Who’s close to The Age then? If you believe Nick Leys in this morning’s Australian Media Diary, Crikey is very close indeed to “senior staff” at The Age. He reckons that we “ran several pro-Age” stories in June concerning The Age‘s battles with the Herald Sun. If Leys is referring to his former paper’s pick-up of an Age exclusive without attribution over the bugging of Victoria Police deputy commissioner Sir Ken Jones, then he might be pleased to know the Herald Sun has learned its lesson.

Last Tuesday it ran another pick-up of an Age scoop, this time over revelations Baillieu government parliamentary secretary Bill Tilley had leaked emails from Sir Ken to the Sunday Herald Sun. “Fairfax newspapers” had the story, reporter Stephen Drill admitted, with the Herald Sun unable to contact Jones or ex-cop Tristan Weston who had apparently leaked against ex-chief commissioner Simon Overland.

Elsewhere in Media Diary — his third effort following the resignation of predecessor Caroline Overington — Leys claims Bruce Springsteen last toured Australia in 1985. Springsteen, of course, laid down a hit-filled three-hour triumph during The Rising world tour in Melbourne, Sydney and Brisbane in March 2003. — Andrew Crook

Town fights back against Fairfax. On August 28 The Sunday Age ran a story on troubled Ballarat suburb Wendouree West — “Nothing comes easy in Wendouree West, but beyond the hardship is a community with a strong and beating heart”. The article — noting that some residents call it “the ghetto” and were mostly “poor, almost exclusively white, out of work and out of luck” — corresponded to an exhibition of photos of the suburb and its locals taken by Meredith O’Shea for the Ballarat International Foto Biennale.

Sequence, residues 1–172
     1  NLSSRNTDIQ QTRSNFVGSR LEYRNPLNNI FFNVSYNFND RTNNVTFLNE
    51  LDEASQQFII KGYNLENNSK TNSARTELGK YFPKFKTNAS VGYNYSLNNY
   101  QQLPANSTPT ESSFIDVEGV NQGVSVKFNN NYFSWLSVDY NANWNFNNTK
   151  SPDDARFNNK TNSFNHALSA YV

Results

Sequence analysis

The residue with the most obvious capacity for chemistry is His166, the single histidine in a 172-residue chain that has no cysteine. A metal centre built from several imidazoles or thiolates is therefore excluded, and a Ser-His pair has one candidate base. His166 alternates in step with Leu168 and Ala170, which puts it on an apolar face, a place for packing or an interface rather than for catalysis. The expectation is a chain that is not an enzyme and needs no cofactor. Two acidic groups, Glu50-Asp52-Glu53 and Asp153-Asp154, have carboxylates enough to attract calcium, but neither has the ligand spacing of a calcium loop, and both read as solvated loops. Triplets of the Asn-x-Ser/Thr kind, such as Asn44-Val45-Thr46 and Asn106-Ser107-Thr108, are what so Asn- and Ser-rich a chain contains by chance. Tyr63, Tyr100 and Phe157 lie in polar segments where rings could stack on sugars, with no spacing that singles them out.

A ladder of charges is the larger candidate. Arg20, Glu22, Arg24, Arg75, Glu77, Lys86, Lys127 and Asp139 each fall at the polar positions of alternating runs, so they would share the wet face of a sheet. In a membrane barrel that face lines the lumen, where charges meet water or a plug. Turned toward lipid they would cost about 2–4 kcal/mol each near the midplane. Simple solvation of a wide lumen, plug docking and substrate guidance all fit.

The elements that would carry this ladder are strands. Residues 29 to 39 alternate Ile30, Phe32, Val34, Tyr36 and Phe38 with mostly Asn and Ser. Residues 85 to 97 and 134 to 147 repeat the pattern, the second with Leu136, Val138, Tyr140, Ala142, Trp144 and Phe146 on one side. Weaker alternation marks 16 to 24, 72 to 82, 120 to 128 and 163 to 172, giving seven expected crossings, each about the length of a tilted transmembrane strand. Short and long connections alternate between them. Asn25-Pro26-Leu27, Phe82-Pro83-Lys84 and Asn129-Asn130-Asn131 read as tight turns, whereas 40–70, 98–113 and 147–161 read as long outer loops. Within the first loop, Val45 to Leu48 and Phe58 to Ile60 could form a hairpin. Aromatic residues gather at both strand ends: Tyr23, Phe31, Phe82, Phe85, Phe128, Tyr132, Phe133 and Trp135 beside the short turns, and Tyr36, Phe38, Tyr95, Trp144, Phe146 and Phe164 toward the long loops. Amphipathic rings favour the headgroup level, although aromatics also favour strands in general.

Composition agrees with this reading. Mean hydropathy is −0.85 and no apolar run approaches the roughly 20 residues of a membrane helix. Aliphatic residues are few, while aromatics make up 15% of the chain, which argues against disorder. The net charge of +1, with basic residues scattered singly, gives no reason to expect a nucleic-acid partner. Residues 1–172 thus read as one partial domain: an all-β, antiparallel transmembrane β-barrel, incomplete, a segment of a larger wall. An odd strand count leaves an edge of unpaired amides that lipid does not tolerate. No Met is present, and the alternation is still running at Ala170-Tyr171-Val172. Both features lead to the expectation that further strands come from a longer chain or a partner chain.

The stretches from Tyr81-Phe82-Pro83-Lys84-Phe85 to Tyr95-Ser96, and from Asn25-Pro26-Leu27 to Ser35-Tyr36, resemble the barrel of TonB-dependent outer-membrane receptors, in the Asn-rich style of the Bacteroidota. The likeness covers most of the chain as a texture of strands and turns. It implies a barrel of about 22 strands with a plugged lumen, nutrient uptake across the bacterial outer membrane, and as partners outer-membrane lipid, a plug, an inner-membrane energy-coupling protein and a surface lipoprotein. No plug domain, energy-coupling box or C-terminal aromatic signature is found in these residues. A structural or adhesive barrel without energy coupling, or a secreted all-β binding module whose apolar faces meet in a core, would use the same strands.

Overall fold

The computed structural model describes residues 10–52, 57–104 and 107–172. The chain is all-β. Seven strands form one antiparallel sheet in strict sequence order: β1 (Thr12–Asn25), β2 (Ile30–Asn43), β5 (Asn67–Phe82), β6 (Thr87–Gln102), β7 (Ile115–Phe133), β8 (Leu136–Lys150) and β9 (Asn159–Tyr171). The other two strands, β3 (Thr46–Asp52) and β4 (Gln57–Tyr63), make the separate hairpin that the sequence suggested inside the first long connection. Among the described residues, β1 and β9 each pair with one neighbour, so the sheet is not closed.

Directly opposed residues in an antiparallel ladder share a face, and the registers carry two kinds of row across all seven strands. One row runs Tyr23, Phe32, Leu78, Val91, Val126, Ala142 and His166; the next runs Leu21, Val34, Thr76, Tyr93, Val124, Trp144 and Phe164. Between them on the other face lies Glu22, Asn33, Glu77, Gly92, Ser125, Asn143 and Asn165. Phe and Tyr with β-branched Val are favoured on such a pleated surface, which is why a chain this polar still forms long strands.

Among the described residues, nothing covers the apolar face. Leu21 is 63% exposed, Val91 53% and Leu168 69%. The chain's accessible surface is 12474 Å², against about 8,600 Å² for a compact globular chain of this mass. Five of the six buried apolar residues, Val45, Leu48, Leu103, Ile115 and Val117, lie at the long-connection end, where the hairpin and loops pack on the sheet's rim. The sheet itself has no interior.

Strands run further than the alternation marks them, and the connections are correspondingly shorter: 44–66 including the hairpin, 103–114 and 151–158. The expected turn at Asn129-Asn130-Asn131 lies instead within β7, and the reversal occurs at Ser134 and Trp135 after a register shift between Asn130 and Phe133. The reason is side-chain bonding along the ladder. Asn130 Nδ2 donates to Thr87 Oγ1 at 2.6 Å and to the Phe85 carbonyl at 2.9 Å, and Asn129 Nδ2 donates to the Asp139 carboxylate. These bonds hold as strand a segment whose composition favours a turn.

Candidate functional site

Interestingly, the original story appears to have been removed from The Age online. The following week, The Sunday Age wrote a follow-up article noting that its original story had “inflamed some residents” and that a second protest meeting was planned to discuss the story, with residents angry that the original article didn’t talk about all the positives coming out of Wendouree West. Yesterday’s Sunday Herald Sun also covered The Age spat with the suburb, in a double-paged spread titled “How Fairfax came to Wendouree and sneered at the residents“. The Sunday Herald Sun noted Wendouree residents “claim they are victims of vilification by Fairfax Media” and that one resident was seeking legal advice over whether The Sunday Age had breached the Victorian Charter of Human Rights with its article …

Stay tuned for what happens next, but if you’re looking for more information about Wendouree West, the Sunday Herald Sun put together a handy list of the best things about it:

Amber Jamieson

Daily Tele story defies laws of nature. Crikey reader Santo asks: “Where are the sub-editors these days?” as the Daily Telegraph carried a story on its website on the weekend which said a baby was born 11 months premature:

Front page of the day. Today’s New York Post front page carries a horrific photo of the Reno air show disaster:

The Department of Corrections. Today’s Sydney Daily Telegraph apologises for an error … from its April 18 edition:

War at MCM as founder seeks to fire chairman

“The board of MCM Entertainment Group, one of Australia’s largest independent providers of radio shows, is in turmoil, with its founder and biggest shareholder pushing for the company’s chairman to be fired.” — mUmBRELLA

Pressure on attorney-general to block Met move

“The attorney general, Dominic Grieve, is facing growing pressure to block an attempt by the Metropolitan police to use the Official Secrets Act to force journalists to reveal their sources.” — The Guardian

In e-Books, publishers have rivals: news sites.

“Book publishers are surrounded by hungry new competitors: Amazon, with its steadily growing imprints; authors who publish their own e-books; online start-ups like The Atavist and Byliner.” — New York Times

Journalists flock to LinkedIn.

“A survey from Arketi Web Watch Media reports that journalists are on LinkedIn more than any other social network. In other words 92% of today’s journalists are now actively using LinkedIn. That is up from the reported 85% of two years ago.” — Social Times

Peter Fray

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Peter Fray
Editor-in-chief of Crikey